So if I can join strips and make half square triangles using the Laser Sewing Guidance, then surely I can make flying geese as well.
And that’s what I did. In this photo, I’m sewing the first square to the rectangle. The square was 3½” so the laser didn’t go to the end, but it provided me with enough of an extension that there was no need to mark.
This time I kept the laser in the middle, as the seam for sewing flying geese is similar to joining strips.
The first seam of the flying geese unit is completed.
Here’s the final unit. No marking. That’s a first for me and it certainly won’t be the last one.
Laser Sewing Guidance Settings
When the laser is activated, a settings menu appears in the bottom right corner on the main touch screen. I can change the intensity of the laser beam from 1 to 10.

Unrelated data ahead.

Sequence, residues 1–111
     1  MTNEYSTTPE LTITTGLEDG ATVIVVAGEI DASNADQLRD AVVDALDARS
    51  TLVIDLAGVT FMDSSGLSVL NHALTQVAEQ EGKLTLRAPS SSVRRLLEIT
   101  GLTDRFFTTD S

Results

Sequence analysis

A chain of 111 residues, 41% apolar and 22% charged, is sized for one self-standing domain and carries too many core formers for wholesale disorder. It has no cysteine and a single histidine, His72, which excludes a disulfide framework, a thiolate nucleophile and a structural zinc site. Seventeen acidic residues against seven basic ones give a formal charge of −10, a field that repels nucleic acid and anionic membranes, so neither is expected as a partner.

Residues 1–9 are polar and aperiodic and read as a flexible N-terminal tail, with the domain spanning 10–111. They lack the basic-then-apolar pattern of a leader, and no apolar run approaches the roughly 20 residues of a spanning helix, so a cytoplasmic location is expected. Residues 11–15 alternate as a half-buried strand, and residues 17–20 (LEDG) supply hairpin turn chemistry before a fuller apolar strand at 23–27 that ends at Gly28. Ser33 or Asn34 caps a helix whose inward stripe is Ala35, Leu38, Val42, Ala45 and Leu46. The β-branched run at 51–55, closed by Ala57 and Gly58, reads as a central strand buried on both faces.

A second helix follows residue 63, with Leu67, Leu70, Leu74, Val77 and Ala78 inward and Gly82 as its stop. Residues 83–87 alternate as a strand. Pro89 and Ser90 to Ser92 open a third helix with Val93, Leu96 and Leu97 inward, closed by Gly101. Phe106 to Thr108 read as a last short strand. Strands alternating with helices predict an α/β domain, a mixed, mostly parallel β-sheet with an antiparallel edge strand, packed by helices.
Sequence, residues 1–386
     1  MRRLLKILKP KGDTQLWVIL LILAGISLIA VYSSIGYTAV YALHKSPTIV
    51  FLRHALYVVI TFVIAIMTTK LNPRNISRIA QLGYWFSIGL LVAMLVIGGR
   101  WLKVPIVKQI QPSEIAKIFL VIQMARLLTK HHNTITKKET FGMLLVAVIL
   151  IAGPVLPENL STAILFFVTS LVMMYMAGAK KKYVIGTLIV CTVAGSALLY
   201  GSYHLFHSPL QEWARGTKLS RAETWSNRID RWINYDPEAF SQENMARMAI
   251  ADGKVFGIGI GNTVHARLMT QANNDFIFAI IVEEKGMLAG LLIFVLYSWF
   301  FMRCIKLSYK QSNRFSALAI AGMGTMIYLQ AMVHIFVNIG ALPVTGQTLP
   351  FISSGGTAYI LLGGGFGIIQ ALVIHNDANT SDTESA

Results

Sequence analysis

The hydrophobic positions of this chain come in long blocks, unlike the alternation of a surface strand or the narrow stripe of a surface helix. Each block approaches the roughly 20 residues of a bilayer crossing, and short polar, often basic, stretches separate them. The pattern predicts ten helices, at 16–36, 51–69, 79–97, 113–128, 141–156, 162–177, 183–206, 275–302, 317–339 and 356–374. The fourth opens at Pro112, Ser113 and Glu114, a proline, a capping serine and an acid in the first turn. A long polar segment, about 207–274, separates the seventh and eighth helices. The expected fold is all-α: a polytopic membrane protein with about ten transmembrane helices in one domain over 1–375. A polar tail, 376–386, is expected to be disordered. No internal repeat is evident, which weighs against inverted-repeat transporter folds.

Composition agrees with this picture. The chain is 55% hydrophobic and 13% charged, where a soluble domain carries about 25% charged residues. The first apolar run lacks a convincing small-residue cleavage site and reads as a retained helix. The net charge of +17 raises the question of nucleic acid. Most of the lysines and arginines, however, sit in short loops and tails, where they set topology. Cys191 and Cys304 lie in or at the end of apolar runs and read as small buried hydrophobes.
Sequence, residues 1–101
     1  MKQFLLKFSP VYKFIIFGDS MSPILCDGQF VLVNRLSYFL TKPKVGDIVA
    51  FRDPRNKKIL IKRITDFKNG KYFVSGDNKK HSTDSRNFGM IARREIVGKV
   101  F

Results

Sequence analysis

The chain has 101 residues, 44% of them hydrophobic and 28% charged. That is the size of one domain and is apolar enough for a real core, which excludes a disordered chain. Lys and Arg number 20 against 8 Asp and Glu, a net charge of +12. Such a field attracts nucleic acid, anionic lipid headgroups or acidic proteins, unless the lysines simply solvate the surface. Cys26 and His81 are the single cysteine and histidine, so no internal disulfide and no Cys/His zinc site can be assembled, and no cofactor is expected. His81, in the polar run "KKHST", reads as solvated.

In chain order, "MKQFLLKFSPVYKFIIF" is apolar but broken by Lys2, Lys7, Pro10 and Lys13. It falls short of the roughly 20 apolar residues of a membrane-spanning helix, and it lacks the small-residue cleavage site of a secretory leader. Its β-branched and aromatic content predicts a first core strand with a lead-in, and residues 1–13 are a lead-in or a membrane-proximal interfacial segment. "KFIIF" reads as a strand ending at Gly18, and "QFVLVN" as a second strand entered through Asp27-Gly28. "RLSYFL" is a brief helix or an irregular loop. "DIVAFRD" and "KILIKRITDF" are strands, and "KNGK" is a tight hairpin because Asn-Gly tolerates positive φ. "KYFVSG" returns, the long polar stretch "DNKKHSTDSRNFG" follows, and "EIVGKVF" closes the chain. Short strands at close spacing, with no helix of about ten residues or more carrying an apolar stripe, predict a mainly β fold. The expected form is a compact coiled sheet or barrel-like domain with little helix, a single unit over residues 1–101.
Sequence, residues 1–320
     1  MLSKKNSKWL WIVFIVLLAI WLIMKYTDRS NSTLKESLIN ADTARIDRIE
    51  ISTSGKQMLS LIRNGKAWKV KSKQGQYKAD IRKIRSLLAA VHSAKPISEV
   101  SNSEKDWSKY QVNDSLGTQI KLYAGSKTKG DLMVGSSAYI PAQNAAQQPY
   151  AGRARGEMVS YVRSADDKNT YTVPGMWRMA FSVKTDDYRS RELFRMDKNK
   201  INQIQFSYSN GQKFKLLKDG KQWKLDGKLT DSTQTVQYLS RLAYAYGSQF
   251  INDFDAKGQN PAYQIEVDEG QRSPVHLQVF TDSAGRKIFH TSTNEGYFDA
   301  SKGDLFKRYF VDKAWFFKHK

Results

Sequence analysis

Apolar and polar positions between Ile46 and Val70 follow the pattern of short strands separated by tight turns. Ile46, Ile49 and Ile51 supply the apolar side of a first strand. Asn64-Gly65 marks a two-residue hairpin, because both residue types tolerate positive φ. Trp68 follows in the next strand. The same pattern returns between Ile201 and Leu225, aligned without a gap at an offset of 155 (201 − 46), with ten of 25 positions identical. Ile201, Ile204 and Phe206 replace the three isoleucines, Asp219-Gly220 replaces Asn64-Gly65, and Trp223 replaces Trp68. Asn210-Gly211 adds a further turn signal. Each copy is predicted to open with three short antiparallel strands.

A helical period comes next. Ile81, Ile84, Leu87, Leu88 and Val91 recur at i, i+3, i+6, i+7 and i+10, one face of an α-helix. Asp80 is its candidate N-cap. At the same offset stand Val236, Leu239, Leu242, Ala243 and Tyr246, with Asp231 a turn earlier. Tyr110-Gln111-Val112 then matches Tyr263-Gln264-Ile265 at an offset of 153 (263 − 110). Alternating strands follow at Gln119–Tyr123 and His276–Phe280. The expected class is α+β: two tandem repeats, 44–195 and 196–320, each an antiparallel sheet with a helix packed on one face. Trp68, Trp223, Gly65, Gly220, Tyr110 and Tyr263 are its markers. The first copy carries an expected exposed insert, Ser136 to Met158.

I can move the laser anywhere from 0 – 30mm to the right of the needle and 0 – 30mm to the left of the needle.
The laser is moved 30mm to the right of the needle.
I don’t know about you, but I’m jumping up and down with excitement right now. Do you know what this means? Not only can we use the laser to mark lines when we join strips, make half-square triangles and flying geese units, but we can quilt straight lines and grid patterns using the laser. No more marking! Are you doing lines of decorative stitches? No more marking. This is a huge, huge time saver and takes a huge weight off our shoulders by not having to find the appropriate marking tool for the job.
The Laser Sewing Guidance is available in sewing mode only.
Oh my goodness – isn’t this just the best new feature ever?
I’ll be back tomorrow with the Husqvarna Viking Designer EPIC 2 and I’ll be chatting about some of the new accessories and the Integrated Dual Feed technology. I can hardly wait to share it all with you.
Have a super day!
This is part 2 of 5 in this series.
Go back to part 1: 10 epic features of the Husqvarna Viking Designer EPIC 2